Point of View
Lani is an amazing designer. Suddenly I’m not the only one who feels this way and it’s keeping her quite busy. From time to time she smiles across our partners table and generously slips me a project just so I can keep myself fresh, exercise my creativity, and too kindly stroke my fragile ego. This last Sunday I sat in the dining room of a client’s house waiting for her to reappear from deep within her office to produce some pictures, when I was able to pause and enjoy her space from the inside. Large glass windows spanned the back of the home looking out over a slight rise that leads to a lovely Berrien wood. To be honest I was a little jealous. Every home that we have lived in over the last 10 plus years have had a great-room setting with large windows that take in a majestic outside. Our home in Virginia sits atop Blue Mountain; the front door stands at ground level, but in the back, where our 15’ tall A-frame windows face, it sits easily 10’ from the woodland floor. More than once we’ve had guests walk in and say, “Wow, I feel like I’m in a tree house”. Our first layover home in St. Joseph had large windows that looked out over the St. Joseph River. We spent hours idling away our day, watching boaters get stuck in the shallow river, or the Coast Guard ticketing sunburned weekenders.
Our home now lacks just that element and I’m finding it difficult to adjust. Claustrophobia and insidedness plague our every evening in contrast to sunsets or leaves blowing in the breeze. I have become so conscious of my views, that during a recent office move, I arranged my entire space with the desk at a catawampus angle just so I could see out of the studio windows to watch the weather. Everything ergonomically was wrong; my monitor was on the wrong side, I was crammed in a corner, and life was miserable. But I could see outside a window! Today in a cold sweat, hands shaking, I found myself fed up. Kinked neck from looking at my monitor crooked, I jumped up, toppling my laptop and spilling coffee, in a frenzy to move my desk to a reasonable spot. With great relief I sat a few moments later, easily in reach of everything and my monitor now in front of me, but staring at a sad white concrete wall. Now, 12 hours hence, I find myself clicking away on my keyboard in a much bargained-for window seat of an Amtrak train. It’s sunset and the Midwest sky is so large, animated and three-dimensional, that I forget for a minute that I’m on a train. Large puffy white clouds, indicative of a sky after a front pushes through, individually round out as though they demand center stage, back lit by the sun, as to say, “Look at me”.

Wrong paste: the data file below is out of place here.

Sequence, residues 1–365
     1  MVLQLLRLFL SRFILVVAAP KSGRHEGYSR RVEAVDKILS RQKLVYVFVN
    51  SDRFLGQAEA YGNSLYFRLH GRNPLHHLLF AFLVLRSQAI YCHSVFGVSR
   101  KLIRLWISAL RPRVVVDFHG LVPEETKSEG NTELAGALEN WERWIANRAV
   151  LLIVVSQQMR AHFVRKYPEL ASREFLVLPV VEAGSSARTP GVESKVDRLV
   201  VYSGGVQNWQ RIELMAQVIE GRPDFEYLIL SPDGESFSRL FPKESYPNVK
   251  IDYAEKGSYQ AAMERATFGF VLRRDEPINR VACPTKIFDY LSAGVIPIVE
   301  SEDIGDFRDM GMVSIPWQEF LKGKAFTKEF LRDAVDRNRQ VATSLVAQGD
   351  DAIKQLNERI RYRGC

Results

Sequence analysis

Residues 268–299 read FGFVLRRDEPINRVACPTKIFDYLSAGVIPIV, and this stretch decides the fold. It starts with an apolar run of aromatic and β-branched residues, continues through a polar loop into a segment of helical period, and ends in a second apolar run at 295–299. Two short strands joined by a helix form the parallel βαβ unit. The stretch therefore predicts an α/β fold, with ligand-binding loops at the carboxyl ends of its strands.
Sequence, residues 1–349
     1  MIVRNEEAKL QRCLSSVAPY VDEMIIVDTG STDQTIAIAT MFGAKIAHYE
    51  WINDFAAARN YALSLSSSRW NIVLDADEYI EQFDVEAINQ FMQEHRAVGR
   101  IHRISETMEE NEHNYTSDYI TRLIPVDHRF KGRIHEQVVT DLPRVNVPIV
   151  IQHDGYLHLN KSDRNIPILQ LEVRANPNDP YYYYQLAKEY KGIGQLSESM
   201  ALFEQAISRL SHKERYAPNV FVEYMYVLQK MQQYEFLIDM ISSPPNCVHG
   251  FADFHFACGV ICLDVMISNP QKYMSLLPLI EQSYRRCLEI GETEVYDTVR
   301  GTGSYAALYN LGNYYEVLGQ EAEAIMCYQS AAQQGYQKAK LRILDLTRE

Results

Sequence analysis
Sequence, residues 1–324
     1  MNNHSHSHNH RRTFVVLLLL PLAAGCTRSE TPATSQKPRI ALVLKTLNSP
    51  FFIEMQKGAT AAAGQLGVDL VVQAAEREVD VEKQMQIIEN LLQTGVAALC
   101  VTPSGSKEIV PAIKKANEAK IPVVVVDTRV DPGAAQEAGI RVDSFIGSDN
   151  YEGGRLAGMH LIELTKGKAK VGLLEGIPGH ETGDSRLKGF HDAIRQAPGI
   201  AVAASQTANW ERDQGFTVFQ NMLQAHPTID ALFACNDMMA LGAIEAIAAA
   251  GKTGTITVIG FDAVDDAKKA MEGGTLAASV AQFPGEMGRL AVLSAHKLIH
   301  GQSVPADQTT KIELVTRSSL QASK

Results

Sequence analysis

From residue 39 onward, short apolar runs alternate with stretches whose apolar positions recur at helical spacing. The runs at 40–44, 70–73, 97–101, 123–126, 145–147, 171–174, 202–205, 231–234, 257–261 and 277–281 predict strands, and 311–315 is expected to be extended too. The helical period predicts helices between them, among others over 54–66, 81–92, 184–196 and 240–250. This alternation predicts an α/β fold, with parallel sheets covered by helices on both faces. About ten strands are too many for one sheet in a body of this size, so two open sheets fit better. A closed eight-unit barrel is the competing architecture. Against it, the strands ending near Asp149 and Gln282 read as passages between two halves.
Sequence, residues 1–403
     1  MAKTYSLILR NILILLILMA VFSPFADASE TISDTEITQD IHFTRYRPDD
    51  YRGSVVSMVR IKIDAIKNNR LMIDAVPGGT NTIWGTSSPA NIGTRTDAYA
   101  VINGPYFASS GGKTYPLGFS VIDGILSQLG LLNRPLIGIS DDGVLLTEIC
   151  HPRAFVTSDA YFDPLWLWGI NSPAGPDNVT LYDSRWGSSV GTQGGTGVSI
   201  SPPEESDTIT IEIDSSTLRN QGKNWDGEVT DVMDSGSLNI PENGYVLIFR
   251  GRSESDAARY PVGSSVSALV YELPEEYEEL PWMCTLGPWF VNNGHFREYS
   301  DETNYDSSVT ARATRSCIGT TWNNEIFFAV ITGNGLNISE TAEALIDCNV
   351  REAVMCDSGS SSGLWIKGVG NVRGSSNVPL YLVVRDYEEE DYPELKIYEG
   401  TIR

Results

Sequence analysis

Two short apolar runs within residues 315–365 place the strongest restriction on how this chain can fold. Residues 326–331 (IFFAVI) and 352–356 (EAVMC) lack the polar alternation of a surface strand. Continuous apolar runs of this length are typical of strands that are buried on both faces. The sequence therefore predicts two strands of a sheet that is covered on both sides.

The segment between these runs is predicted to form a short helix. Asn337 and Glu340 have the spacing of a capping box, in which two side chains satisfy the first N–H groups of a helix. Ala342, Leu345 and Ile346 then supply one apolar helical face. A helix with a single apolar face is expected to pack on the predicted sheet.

Before long I know that I’ll have to read myself to sleep. A few months back I had my boys, flush with Christmas iTunes money, load a long desired book on my iPad for me. It’s by Rudolf Steiner and it addresses the topic of spiritual ecology. I don’t have the patience for many books like this in my life. But, it fits the iPad purpose perfectly. I can only read about a page before I have to spend a week digesting it. Then after processing the very complex issues and deciding if or how they fit into my life and beliefs, I allow myself to continue with another paragraph or two. I’m tactile, and I usually like a real book that I can wrinkle, spill stuff on, highlight, and fold down pages in the evening when I’m ready to set it back on the nightstand. My iPad book on the other hand is there in a pinch. And a week ago when I touched it last, with only a few minutes between meetings, it was expostulating on theories in the senses from Goethe, specifically the three different modes of experiencing our senses. His first mode is what we do consciously with our senses. For instance, we simply see the clouds as they bob past the train window. The second is the impression they make on us: do we like them, are they disgusting, are we sympathetic about them? Most of the time I don’t think about stage two. And if some of us do consciously think of stage two, none of us think about stage three; the knowledge that we “acquire about the objects as they reveal to us the secrets of what they are and how they work”. These stages are often equated to body, soul, and spirit.
Take it or leave it, it’s fascinating. How many times have I sat gazing out my Virginia windows soaking in the two young Hickory trees and thought about where they came from, who planted them, why I liked them, and more importantly, what they can reveal to me about what they are. Long after I’m gone, these two trees will stand strong and tall over a family possibly like mine. They shelter the deck from the sun, generate a warm cozy feeling to a living space, and create a sense of living outside in a future society who will likely be even more ‘insided’. Pausing for a moment and consciously acknowledging the feelings beyond what I hear, taste, smell, touch, or see; helps me better appreciate simple thing.
I guess I don’t need to read myself to sleep after all. I have clouds to figure out.